When I as a teenager, I told everyone I was going to retire by age 45 and they laughed. That’s sort of the ay things go for me. I dream big and I try really hard to achieve those goals. I believe in them wholeheartedly. I know early retirement is possible, in spite of the people around me laughing and shrugging me off.
My desire for early retirement isn’t because I hate my job, I actually love it. I have a good white collar job with people that I call my second family. But I do work in the automotive industry which I find can be quite volatile. I never wanted to go ion he auto industry, it’s just something that sort of happened when I was looking for jobs. And, believe me, I love this job way more than I would have loved that job working in that steel mill. But I want to do is be able to spend time with my children (if I can even have them, which I won’t focus on too much because I’m not that okay with that particular chemo side effect) and volunteer. There are a few local charities I adore and I want to give them time as well as money.
The goal of early retirement doesn’t mean I don’t have other goals. I am still going to grad school (in part because it’s been a goal since I was young, and because it’s a significant pay raise that will pay my out of pocket costs in about 2 years) and I’m still spending money on things that I enjoy, such as fancy-pants remodeling rather than a basic remodel. I still (think) I want to go into management at work, and I still want to get my name on a patent. My timeline to do these things is just 20 years shorter than the average worker.
So that brings me to the question of how exactly I am going to retire early. My plan is sort of simple: save every penny I can while still enjoying life. This means asking myself if I need something or want it, keeping my lights off, adjusting my thermostat, questioning consumerist norms. I am an engineer that takes most things a little too far (okay, maybe extremely too far) and cutting my spending falls into this category. But really, it’s just minimizes lifestyle creep which has totally happened here and there. If I exclude my tuition and remodeling costs for 2015, I actually spent about $2,000 less than I ever have (and that includes much more medical spending). That means I am getting somewhere in my spending and thus getting somewhere in my savings.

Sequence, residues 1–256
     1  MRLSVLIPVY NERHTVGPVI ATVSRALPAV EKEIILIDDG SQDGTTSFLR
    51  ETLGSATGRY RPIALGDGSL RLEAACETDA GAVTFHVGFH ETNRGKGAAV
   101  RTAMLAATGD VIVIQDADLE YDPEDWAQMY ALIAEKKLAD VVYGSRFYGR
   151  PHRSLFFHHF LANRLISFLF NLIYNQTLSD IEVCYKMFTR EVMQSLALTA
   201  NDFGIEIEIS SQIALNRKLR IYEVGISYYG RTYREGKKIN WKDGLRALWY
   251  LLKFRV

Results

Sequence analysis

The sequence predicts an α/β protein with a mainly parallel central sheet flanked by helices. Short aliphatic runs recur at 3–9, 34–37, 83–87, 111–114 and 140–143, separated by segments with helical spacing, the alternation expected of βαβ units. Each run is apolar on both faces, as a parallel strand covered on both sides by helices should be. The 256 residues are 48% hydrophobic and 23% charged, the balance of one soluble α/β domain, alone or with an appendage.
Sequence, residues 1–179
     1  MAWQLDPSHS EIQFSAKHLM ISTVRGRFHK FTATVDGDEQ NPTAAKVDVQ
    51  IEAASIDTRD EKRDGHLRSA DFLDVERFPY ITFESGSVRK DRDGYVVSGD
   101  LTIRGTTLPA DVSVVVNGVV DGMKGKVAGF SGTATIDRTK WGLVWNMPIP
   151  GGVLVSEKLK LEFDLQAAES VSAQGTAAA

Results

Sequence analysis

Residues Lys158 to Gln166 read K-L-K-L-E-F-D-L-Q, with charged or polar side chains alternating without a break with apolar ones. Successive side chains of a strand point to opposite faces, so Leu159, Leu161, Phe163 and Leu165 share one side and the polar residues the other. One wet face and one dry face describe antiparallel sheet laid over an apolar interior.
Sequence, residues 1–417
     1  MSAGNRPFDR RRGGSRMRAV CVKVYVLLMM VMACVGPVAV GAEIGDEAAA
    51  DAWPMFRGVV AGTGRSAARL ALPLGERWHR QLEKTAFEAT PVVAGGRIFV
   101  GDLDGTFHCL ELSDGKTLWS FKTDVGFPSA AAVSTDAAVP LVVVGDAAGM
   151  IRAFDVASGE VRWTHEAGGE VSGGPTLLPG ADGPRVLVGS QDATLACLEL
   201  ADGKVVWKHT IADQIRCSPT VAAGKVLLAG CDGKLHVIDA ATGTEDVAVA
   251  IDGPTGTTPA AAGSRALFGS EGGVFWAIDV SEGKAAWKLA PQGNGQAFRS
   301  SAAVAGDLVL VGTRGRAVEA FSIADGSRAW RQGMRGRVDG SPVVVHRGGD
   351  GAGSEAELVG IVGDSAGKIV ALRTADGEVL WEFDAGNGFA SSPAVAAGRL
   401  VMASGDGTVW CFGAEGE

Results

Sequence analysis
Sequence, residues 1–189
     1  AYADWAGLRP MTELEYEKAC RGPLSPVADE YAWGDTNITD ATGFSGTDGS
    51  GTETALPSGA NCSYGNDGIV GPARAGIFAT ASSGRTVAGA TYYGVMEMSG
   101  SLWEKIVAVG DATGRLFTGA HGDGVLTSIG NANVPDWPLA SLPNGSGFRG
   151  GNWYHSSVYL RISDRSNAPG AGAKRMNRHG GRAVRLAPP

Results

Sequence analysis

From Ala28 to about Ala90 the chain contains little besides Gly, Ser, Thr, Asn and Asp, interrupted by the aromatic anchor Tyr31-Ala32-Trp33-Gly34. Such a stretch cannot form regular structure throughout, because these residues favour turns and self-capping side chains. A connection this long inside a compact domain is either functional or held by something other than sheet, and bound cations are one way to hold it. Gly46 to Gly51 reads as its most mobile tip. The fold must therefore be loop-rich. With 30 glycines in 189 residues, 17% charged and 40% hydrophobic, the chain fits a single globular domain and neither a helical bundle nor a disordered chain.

Ideally in the future, we will live off of my income less healthcare costs and maxing my retirement, and just save everything my Old Man makes. And of course, as my income increases, I will continue to invest that so I don’t even see it in my paycheck. We’re the only couple in our group of friends living this “radical” lifestyle. We contribute the most to our retirement accounts by far (and also make the most, we suspect). I co-own three rental properties (one being the property from hell) and those returns just get invested into another property. Our small sacrifices now, here and there, will make a big difference in the future. Every penny saved is one step closer to early retirement, one step closer to freedom.